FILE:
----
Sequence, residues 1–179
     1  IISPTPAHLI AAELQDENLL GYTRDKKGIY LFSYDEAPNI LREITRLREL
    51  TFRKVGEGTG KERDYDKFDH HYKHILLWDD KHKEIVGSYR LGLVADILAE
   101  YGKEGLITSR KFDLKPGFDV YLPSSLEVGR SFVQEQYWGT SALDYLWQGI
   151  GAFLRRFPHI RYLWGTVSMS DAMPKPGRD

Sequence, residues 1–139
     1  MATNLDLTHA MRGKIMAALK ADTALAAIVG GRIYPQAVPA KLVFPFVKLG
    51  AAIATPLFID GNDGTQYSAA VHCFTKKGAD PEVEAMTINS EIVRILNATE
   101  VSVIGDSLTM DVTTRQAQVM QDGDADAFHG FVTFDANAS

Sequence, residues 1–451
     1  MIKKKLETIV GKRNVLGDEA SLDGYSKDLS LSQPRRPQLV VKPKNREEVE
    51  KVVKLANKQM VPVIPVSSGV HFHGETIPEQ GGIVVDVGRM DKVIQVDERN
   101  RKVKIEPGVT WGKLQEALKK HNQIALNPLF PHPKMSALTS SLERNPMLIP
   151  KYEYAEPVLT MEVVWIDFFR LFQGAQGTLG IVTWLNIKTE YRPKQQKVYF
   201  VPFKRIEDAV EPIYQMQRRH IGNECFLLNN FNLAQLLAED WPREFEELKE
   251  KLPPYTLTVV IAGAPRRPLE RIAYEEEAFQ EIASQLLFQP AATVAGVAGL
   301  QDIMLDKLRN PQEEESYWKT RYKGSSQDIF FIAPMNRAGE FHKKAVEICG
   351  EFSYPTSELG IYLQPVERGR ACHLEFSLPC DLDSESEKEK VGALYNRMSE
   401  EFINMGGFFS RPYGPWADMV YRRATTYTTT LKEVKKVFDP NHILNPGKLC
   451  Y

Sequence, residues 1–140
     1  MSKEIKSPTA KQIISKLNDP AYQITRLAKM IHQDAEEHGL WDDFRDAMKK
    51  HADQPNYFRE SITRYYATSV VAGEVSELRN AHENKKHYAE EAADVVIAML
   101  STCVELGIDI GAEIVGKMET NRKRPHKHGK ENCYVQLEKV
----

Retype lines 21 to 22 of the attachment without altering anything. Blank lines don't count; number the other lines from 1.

Sequence, residues 1–140
     1  MSKEIKSPTA KQIISKLNDP AYQITRLAKM IHQDAEEHGL WDDFRDAMKK